Uber agrees historic deal allowing drivers to join GMB union

First agreement between a gig economy service and a union will not include Eats delivery riders

Last modified on Wed 26 May 2021 13.38 EDT

Uber is to recognise the GMB trade union in the UK for its private hire drivers, marking the first deal between a union and a gig economy ride-hailing service.

Uber has signed the deal two months after agreeing to guarantee its 70,000 UK drivers a minimum hourly wage, holiday pay and pensions in March after a landmark supreme court ruling.

The union recognition agreement, like the pay deal, does not apply to delivery riders for the Uber Eats food service, which works with about 30,000 couriers.

Among the issues likely to be taken up by the GMB is that Uber’s new pay scheme ignores the supreme court ruling that drivers’ working time should be calculated from the moment they log on to its app to work until they log off.

The App Drivers & Couriers Union (ADCU), whose founding members were lead claimants in the employment tribunal which led to the supreme court ruling, said trade union engagement with Uber was “a welcome development.”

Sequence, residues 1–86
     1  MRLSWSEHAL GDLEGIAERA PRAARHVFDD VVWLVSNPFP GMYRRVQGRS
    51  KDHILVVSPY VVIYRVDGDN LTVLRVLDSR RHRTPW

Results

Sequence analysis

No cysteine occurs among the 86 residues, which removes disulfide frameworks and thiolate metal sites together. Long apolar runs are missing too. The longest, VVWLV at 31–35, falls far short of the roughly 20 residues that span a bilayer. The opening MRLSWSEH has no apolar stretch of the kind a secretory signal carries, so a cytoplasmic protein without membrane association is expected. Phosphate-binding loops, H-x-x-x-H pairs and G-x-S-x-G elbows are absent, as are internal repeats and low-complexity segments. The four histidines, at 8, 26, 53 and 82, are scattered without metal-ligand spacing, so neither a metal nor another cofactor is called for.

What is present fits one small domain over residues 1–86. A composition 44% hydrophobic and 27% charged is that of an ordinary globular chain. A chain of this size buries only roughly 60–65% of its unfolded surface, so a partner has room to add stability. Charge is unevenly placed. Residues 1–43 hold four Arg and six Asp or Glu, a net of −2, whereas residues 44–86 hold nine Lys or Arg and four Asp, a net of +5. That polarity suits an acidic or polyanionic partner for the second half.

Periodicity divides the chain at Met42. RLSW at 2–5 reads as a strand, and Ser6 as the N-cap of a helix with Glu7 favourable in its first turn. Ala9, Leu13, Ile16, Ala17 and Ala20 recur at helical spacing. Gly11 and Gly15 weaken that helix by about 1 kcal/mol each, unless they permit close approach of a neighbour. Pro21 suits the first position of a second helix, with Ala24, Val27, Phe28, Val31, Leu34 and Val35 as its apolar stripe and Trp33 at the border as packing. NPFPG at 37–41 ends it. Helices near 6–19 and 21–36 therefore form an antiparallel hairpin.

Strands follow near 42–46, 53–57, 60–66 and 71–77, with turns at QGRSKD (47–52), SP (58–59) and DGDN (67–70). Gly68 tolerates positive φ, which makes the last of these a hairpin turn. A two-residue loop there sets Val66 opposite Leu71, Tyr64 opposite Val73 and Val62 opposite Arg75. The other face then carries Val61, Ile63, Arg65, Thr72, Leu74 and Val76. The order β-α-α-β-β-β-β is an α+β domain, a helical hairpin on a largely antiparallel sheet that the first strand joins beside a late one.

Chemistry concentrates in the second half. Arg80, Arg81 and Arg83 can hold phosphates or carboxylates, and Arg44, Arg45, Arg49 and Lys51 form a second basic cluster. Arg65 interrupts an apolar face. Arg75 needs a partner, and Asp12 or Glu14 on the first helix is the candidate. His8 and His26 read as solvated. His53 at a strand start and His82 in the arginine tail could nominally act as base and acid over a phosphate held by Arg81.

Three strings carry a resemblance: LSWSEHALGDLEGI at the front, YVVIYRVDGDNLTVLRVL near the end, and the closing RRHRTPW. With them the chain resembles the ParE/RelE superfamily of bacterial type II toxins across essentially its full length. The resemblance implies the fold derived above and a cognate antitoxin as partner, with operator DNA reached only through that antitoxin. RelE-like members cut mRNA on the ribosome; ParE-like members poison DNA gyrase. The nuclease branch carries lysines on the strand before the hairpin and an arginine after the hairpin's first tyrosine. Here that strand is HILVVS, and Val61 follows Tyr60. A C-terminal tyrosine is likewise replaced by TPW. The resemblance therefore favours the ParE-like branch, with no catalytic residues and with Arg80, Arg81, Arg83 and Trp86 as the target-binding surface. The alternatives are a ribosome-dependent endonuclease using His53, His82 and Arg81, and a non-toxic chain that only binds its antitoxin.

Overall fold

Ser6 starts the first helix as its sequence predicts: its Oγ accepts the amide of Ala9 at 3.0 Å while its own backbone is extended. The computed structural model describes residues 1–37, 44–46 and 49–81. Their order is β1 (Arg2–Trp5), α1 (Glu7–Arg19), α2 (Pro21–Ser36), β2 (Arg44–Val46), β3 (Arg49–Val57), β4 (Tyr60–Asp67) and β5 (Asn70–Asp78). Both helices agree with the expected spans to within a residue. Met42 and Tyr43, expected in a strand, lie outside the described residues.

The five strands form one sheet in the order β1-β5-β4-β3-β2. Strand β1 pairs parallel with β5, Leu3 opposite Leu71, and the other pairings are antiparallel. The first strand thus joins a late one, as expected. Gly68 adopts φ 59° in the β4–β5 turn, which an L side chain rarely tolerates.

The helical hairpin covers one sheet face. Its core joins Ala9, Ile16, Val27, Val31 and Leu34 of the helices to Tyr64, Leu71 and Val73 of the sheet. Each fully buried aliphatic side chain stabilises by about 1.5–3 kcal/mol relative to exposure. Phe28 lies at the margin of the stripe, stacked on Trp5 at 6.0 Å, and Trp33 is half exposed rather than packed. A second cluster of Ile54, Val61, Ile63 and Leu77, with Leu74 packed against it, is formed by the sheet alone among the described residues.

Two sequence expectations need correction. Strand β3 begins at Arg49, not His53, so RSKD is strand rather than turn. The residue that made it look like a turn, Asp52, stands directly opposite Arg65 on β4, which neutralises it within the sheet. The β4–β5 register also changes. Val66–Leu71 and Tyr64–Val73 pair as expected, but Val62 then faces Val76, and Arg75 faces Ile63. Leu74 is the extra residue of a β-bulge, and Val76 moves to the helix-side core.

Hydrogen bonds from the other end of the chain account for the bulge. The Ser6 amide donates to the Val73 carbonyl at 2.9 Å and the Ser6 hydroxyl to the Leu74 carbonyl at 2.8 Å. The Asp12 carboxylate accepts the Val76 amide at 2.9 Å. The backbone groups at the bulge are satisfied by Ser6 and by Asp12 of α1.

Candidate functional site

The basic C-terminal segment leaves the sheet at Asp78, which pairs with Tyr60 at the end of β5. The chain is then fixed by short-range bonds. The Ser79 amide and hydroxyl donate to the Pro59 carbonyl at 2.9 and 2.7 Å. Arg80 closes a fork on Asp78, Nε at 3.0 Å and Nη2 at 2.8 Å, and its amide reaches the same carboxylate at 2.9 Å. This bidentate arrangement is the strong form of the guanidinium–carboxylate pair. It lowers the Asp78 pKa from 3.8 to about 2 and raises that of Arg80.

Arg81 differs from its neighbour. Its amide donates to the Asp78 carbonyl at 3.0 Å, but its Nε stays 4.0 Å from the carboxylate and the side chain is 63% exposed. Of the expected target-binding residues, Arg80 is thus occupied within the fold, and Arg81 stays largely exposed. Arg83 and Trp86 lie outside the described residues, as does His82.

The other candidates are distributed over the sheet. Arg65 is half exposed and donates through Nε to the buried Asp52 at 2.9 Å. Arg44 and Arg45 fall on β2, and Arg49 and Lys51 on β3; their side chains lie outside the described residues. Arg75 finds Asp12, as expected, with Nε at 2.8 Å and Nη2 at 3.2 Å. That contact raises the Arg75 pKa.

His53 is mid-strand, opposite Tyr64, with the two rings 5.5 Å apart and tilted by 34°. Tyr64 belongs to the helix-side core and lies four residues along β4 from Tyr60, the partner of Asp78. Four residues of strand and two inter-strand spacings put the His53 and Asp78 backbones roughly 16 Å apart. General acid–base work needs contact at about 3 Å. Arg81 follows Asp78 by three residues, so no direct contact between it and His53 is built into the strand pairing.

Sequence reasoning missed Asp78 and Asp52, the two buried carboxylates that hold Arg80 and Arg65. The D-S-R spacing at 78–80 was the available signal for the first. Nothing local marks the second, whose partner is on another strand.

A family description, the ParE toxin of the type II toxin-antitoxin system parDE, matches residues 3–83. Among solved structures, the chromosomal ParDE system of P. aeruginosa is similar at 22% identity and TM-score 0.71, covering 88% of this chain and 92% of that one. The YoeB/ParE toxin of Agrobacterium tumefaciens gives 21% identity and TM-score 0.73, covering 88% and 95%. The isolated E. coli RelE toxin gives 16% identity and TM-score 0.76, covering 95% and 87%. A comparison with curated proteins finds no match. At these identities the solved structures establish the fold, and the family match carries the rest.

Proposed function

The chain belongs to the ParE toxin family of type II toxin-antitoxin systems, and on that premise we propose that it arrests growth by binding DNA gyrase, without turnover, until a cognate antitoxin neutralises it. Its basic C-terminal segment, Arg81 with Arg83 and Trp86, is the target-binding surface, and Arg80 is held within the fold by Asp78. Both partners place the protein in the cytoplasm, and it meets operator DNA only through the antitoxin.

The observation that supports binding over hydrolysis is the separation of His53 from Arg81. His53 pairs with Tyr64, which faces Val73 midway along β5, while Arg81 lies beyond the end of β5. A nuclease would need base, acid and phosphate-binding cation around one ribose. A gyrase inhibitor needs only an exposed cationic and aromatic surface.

However, the ADCU said it would not sign a recognition deal with Uber as the group “continues to violate basic employment law such as the right to minimum wage and holiday for all working time despite the recent UK supreme court ruling found in our favour.”

Uber, like many delivery and courier groups, had argued that its drivers were independent self-employed “partners” not entitled to basic rights enjoyed by workers, which include the legally enforceable minimum hourly wage and a workplace pension.

In February, the UK supreme court dismissed Uber’s appeal against a 2016 employment tribunal ruling that its drivers should be classed as workers. That legal case was supported by the GMB.

The Uber deal is a step on from the first gig economy recognition agreement signed by GMB with Hermes in 2019 under which the courier group offered drivers guaranteed minimum wages and holiday pay.

Under that agreement Hermes’ drivers continued to be self-employed but could opt in to contracts with better rights.

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